Telecommuting Nexus: Additional Guidance
By John Bonk, National State & Local Tax Leader & Alex Toback, Staff Accountant, Tax & Business Services
This article is an update to a previously issued article on the subject of whether telecommuting is subject to state nexus rules.
Nexus is a connection within a state requiring sales tax or income tax filings. Due to the COVID-19 pandemic, many states have suspended their nexus rules pertaining to employees if telecommuting was forced by an employer in response to the crisis.
Individuals are generally taxed based on where they work. Some states have provided guidance during the COVID outbreak allowing for income to be sourced to employees’ normal working location, rather than their temporary home accommodations.
Since originally reported in our prior Flash, more states have released guidance on nexus and individual income tax withholding due to the COVID-19 pandemic. Generally, states are treating the pandemic as a temporary disaster and will ignore individual withholding for nexus purposes. However, not all states are taking this position, and some states haven’t yet released guidance.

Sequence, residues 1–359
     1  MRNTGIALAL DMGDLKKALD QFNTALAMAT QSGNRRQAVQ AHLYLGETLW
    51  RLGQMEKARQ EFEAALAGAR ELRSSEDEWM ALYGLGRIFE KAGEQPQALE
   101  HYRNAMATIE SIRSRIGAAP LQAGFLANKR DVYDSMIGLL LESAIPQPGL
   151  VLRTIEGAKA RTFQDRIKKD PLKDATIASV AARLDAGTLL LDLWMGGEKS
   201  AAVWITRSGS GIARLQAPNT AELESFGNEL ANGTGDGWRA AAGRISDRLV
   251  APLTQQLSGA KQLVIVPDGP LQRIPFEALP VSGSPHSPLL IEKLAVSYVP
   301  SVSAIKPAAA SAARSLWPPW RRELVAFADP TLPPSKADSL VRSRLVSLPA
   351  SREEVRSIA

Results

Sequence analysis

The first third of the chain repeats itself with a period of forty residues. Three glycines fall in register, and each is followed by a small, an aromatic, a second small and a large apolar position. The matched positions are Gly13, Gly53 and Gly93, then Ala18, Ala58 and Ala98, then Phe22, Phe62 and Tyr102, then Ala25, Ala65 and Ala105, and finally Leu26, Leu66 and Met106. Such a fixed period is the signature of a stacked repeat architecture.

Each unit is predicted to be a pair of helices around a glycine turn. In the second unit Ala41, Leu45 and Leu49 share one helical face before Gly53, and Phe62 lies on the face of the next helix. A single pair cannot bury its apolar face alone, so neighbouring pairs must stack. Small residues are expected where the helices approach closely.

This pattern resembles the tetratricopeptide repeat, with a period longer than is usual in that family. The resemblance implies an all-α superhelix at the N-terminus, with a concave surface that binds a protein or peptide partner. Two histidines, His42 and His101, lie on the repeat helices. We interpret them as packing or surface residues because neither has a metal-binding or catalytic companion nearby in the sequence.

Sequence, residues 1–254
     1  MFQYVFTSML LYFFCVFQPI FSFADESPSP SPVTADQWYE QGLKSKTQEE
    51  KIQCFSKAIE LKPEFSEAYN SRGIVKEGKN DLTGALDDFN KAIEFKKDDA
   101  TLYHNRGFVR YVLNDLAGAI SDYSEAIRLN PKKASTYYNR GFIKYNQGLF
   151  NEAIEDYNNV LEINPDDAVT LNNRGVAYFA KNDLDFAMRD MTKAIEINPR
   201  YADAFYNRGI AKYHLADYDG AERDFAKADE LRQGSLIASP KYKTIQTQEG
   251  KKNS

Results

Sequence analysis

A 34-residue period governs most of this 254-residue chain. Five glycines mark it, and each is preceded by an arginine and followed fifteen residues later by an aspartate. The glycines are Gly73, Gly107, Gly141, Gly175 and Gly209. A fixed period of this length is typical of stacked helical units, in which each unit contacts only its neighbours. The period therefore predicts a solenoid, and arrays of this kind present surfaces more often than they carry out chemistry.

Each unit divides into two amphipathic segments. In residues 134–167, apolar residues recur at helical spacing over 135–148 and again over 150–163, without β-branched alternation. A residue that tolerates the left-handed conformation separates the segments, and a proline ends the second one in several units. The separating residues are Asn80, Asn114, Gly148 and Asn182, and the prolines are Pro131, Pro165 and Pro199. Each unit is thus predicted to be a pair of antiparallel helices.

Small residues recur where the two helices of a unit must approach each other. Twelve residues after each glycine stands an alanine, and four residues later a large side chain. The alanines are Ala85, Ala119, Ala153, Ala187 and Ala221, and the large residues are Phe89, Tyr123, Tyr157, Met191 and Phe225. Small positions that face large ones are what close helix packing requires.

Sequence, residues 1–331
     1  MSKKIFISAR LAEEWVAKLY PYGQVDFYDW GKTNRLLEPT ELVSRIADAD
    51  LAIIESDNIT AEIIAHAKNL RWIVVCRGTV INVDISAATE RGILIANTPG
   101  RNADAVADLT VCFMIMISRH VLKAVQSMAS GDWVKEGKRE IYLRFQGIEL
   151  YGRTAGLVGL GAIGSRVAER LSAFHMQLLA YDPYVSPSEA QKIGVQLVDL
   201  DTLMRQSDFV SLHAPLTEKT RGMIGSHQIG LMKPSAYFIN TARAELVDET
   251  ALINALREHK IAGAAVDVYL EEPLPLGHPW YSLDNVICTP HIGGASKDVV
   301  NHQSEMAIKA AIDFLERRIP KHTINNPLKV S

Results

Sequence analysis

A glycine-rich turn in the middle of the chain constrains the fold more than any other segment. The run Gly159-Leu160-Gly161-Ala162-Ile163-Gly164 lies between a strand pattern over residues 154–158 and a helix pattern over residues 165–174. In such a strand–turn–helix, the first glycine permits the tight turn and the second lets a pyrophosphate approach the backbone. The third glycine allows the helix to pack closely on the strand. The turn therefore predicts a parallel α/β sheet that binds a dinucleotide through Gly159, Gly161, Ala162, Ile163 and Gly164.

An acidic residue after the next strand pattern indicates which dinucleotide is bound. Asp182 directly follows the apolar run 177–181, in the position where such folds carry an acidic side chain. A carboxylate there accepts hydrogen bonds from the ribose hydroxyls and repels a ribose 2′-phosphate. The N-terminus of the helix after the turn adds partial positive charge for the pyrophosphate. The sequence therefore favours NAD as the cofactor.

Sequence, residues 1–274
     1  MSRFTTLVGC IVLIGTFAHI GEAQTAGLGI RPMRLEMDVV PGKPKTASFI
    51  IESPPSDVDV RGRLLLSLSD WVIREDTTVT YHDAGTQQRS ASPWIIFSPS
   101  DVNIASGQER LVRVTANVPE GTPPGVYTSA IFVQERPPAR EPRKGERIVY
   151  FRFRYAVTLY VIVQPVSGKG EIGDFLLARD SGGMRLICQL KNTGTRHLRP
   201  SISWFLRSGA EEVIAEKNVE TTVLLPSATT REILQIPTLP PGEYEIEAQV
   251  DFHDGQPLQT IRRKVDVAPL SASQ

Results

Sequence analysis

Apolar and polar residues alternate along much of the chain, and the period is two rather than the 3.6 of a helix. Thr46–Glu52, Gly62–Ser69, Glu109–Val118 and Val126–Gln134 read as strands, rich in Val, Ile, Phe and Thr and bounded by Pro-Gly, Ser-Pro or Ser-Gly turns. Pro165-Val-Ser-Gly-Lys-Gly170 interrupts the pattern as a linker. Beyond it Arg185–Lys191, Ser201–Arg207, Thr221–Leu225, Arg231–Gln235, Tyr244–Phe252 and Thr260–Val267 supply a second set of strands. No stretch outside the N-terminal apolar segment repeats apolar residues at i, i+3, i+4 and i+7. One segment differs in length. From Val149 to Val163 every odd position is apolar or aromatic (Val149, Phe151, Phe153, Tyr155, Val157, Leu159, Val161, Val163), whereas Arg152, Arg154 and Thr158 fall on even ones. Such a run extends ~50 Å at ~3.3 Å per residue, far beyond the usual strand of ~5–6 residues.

To date, the jurisdictions that have released guidance exempting telecommuting due to COVID-19 from nexus rules include Alabama, the District of Columbia, Georgia, Iowa, Indiana, Massachusetts, Maryland, Minnesota, Mississippi, Montana, Nebraska, North Dakota, New Jersey, Pennsylvania, Rhode Island and South Carolina.
“Convenience of the Employer”
It is worth noting that some states have a rule commonly known as the “Convenience of the Employer.” Generally, this rule applies to any employee who resides in a different state than the office location of the employer.
States with “Convenience of the Employer” rule include: Connecticut, Delaware, Nebraska, New York, and Pennsylvania.
In these states, an employee working from home in a state other than that of their employer , but spending some time at the company office, may be considered to have all of his or her income sourced to the company office location. Therefore, no rule change would seem to be required in these states for income withholding since the state withholding has not changed.
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